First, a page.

Paul Giamatti lets his paunch hang, his eyes bag, his posture slump, and his lips curl into a sour sneer to play Cleveland curmudgeon turned underground comic book legend Harvey Pekar, author of America’s only genuine autobiographical comic book series.
The American Splendor (2003) created by documentary vets Shari Springer Berman and Robert Pulcini is part biographical drama, part literary adaptation, and part documentary. They intersperse their adaptation of Pekar’s life with stylized interview segments with the real Pekar, whose wheezy voice also narrates. In a modest, unadorned style that matches Pekar’s own comics, they chart the long, strange trip of the morose file clerk from his early friendship with Robert Crumb (engagingly underplayed by James Urbaniak in a straw boater and a brush mustache) through his underground fame and infamous appearance on Letterman to his battle with cancer. Most importantly, it charts the course of true love.
Hope Davis, under mousy brown hair and glasses like window panes, is Joyce, a pessimistic comic store manager riddled with her own engagingly unique quirks. Their marriage, a match made in the purgatory Pekar calls his life, only looks dysfunctional. “With Joyce, I met my match,” he remarks, an uncharacteristic glow of adoration softening the creak in his voice. They squabble, they mope, and half of their conversations are parallel monologues that connect only by accident. Giammati and Davis make it all bracingly natural and honestly affectionate. Think of it as a fittingly unconventional happy ending befitting the real life comic book adventures of America’s blue collar everyman.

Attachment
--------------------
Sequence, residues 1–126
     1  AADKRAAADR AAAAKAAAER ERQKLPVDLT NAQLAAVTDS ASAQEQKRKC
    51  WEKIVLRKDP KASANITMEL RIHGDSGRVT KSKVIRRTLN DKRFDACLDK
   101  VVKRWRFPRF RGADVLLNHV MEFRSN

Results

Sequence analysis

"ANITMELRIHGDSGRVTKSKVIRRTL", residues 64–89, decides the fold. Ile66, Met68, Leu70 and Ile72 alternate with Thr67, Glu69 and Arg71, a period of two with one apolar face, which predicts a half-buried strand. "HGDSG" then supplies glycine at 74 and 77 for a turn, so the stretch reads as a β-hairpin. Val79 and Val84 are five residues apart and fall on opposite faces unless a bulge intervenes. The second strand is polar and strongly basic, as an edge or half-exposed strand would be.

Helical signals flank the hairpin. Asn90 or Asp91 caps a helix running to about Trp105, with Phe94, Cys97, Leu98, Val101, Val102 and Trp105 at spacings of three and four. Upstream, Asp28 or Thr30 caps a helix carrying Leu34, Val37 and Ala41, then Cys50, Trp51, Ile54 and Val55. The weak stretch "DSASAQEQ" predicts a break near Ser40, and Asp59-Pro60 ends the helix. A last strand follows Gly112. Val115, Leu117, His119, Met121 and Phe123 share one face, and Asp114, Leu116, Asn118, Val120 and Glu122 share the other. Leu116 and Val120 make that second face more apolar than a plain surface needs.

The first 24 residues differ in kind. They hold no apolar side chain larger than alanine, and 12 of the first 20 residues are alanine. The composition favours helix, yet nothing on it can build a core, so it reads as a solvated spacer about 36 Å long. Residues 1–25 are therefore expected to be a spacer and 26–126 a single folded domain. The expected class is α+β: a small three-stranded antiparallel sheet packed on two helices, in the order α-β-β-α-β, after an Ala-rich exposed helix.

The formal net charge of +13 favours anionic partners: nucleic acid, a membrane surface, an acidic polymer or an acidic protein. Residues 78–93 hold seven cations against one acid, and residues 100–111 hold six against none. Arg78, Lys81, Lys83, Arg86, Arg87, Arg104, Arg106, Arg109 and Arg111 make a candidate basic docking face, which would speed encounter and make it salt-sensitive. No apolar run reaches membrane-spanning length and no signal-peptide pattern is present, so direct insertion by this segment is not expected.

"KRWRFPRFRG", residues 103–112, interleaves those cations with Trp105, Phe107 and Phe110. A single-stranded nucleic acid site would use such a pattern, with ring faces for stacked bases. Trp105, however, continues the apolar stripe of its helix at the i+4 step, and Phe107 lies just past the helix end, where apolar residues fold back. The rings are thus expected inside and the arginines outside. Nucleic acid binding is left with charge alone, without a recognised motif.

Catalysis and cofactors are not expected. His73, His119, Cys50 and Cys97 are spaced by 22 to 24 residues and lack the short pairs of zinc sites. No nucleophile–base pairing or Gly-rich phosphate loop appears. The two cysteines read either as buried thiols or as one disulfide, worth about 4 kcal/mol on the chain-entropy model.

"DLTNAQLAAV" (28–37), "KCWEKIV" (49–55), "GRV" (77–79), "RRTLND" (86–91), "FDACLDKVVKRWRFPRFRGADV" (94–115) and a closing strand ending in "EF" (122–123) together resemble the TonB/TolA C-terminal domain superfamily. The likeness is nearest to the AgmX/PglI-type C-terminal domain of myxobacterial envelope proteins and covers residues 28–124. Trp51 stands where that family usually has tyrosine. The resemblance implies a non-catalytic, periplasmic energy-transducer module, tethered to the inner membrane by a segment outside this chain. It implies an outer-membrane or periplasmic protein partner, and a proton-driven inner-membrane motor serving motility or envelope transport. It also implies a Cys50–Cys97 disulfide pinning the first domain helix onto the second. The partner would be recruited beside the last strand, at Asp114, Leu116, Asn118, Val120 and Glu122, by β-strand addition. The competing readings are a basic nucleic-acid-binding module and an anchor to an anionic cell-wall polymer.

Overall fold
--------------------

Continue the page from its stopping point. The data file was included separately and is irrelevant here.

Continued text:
“Harvey tends to push the sour and the depressing,” explains the real life Joyce. “I’m just a gloomy guy, that’s all,” responds Pekar with a crooked smile. American Splendor affects the gloom but sneaks up on you with the crooked smile of the pulp poet of working class life.
The film earned an Oscar nomination for its screenplay, adapted in part from Pekar’s autobiographical comics, and won the FIPRESCI prize at Cannes and the Grand Jury Prize at Sundance, and it won numerous awards from critics groups, including best picture and best adapted screenplay from the National Society of Film Critics and the Los Angeles Film Critics Association.
Judah Friedlander, Donal Logue, and Molly Shannon costar.
The DVD features group commentary by writer/director team Sharon Springer Berman and Robert Pulcini, actor Paul Giamatti, and the real life Harvey Pekar with wife Joyce Brabner and daughter Danielle Batone, and Pekar’s friend, coworker, and “real life nerd” Toby Radloff, plus a featurette and a bonus audio recording of theme song.